On The Outside
In november 2015 me and my girlfriend went to the Greek island Lesvos to work as volenteers in refugee camp 'Moria'. This story is about seven days in the lives of people who risk everything in search of humanity arriving on a boat from Turkey trying to get a ferry to Athens.
[text by: Jesse van 't Hull | translation by: Lauren Murphy]
On The Outside:
By now, we can make out five orange specks on the bleak winter sea. The morning light has brightened, making the boats easier to spot. Most of the rescue workers have been here all night; despite their dry suits and thawing sessions near the large campfire, the divers just can’t seem to get warm. They are replaced by another team that will guide the next boats those last few meters to safety. There’s a moment of peace. Interpreters and medics are reviewing last night. Word has spread that another boat has gone down, shortly after leaving the coast of Turkey. “Thirty people are still missing,” they whisper. I can see the Turkish coastline from the beach of Lesvos, only a few miles of water between them. Crossing over a bridge would have taken less than thirty minutes.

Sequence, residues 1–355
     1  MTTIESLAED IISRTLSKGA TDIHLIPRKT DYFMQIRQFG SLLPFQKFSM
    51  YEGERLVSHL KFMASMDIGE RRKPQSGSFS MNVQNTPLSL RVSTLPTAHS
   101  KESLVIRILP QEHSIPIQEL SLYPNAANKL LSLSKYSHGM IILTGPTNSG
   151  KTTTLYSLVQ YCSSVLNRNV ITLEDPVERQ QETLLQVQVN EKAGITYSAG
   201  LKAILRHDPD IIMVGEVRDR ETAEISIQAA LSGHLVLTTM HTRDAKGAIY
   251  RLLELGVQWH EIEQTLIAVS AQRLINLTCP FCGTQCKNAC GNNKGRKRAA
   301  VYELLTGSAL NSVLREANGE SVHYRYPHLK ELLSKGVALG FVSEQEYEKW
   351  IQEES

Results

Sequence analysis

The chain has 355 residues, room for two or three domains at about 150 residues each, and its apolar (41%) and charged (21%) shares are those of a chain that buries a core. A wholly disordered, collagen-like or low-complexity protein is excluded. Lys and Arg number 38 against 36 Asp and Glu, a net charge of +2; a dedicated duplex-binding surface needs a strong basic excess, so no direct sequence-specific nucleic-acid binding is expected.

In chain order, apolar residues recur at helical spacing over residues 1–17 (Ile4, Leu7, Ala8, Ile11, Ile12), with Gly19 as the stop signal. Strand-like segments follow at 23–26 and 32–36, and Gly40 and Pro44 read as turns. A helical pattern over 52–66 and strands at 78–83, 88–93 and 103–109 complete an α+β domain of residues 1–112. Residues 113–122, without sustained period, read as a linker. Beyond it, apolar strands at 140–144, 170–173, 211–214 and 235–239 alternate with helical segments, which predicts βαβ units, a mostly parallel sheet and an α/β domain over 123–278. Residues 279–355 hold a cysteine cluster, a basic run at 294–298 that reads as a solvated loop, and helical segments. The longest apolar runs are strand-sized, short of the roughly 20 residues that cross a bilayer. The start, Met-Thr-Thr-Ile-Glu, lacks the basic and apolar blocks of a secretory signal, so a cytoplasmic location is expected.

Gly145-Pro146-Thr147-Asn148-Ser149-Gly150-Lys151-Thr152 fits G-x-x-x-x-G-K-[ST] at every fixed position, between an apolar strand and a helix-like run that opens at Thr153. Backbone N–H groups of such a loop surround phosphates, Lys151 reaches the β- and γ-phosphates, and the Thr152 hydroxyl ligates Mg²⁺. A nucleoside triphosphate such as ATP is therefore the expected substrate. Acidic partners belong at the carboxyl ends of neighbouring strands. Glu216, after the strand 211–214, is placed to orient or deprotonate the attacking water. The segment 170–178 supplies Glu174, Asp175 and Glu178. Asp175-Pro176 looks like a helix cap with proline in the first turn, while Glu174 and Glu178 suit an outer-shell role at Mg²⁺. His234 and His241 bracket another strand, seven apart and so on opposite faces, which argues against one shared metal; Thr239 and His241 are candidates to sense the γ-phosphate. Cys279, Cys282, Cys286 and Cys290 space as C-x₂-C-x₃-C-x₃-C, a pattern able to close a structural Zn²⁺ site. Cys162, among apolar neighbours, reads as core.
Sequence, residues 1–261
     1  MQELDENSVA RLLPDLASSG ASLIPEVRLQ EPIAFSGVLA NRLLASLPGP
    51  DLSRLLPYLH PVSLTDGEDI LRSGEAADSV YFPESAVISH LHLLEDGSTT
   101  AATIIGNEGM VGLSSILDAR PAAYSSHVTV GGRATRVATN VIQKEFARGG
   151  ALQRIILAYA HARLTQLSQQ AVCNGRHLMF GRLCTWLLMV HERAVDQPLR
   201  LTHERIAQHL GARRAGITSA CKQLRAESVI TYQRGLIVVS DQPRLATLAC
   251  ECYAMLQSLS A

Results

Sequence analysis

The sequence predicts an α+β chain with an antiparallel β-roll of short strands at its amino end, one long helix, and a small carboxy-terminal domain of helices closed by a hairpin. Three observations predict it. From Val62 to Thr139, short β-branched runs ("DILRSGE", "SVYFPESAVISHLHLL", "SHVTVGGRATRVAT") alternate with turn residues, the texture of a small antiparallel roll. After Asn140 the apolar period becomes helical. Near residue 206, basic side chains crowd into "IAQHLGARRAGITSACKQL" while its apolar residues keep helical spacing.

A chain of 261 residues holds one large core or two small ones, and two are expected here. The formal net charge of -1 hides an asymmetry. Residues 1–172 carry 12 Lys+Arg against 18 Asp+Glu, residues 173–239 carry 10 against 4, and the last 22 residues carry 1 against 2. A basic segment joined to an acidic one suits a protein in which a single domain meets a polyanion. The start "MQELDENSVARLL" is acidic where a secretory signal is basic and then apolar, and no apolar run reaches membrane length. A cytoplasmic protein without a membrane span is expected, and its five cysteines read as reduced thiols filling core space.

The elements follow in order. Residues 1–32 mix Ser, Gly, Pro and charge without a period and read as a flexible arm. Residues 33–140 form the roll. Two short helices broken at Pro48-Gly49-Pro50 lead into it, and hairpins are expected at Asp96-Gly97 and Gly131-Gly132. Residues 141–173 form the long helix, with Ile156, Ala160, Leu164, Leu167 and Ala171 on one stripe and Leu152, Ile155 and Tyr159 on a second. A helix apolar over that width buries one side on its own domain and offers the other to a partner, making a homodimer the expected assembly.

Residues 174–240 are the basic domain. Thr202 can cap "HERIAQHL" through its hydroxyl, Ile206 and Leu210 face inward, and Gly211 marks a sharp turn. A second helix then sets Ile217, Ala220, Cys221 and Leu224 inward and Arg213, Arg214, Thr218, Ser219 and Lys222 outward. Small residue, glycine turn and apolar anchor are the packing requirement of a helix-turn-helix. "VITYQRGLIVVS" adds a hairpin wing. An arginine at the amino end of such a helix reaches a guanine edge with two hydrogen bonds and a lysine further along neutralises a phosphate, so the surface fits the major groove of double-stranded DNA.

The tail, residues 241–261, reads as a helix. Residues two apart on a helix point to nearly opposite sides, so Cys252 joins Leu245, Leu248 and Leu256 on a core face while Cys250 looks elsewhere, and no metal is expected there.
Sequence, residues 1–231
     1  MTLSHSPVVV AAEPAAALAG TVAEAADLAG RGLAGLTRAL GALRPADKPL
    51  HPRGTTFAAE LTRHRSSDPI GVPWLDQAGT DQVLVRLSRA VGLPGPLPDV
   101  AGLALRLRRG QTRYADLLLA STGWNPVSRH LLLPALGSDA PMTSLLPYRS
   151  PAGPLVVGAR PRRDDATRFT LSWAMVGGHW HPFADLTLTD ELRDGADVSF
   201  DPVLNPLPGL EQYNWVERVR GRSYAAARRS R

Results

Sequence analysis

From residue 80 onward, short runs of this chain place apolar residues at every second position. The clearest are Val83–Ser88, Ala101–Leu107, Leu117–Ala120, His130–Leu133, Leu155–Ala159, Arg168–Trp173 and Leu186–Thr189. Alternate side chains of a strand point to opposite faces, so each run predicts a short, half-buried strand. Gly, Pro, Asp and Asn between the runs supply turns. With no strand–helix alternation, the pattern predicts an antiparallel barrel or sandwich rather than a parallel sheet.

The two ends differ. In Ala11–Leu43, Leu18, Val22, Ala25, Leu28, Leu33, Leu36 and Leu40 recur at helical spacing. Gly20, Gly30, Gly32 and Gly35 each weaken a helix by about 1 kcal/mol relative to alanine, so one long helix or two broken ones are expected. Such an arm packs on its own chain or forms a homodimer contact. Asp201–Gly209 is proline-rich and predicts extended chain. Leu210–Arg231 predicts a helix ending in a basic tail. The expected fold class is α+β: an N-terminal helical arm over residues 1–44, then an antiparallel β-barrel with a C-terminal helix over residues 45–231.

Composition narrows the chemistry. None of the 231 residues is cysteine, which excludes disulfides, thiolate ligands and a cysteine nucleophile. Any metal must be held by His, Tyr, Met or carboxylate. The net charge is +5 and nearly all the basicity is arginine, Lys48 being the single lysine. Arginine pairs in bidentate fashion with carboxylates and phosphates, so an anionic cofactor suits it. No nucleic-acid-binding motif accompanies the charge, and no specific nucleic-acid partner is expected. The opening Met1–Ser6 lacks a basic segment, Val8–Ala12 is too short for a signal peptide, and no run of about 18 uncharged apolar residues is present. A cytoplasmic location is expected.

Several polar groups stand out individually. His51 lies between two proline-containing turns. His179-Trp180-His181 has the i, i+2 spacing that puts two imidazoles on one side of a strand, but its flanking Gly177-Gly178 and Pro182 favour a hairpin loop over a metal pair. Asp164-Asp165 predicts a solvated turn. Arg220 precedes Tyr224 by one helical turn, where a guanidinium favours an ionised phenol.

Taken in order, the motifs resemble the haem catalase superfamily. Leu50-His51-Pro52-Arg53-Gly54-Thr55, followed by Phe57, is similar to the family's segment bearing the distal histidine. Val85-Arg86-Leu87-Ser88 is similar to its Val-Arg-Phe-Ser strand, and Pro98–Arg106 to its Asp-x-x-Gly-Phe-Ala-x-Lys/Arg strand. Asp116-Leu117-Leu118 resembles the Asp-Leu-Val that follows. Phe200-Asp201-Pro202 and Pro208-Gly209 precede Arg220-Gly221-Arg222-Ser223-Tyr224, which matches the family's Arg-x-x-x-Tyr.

I reach for my binoculars again, on the lookout for the rubber dinghies. Four out of five are slowly making their way over, lured by the fire eagerly burning beside us on the beach. Boat number five is having a hard time. It doesn’t seem to be moving and appears to lie deeper in the water than the other four. The people crammed on board are moving. We discuss the situation; the current and the wind are pushing the dinghy towards the rocks, and it seems to be taking on water. We call for help. The Greek coast guard isn’t around, or is not allowed to intervene. A few months back, on their own initiative, a few guys from the Spanish rescue services brought their boat to Lesvos. Before long, they’re cruising past us at full speed, dragging the troubled dinghy to shore. We are waiting for them with blankets, dry clothes, hot tea, water and bananas, nappies and baby food. Our UNHCR contact is on the phone - they’re sending over a bus that can transport the people to the camps as soon as possible.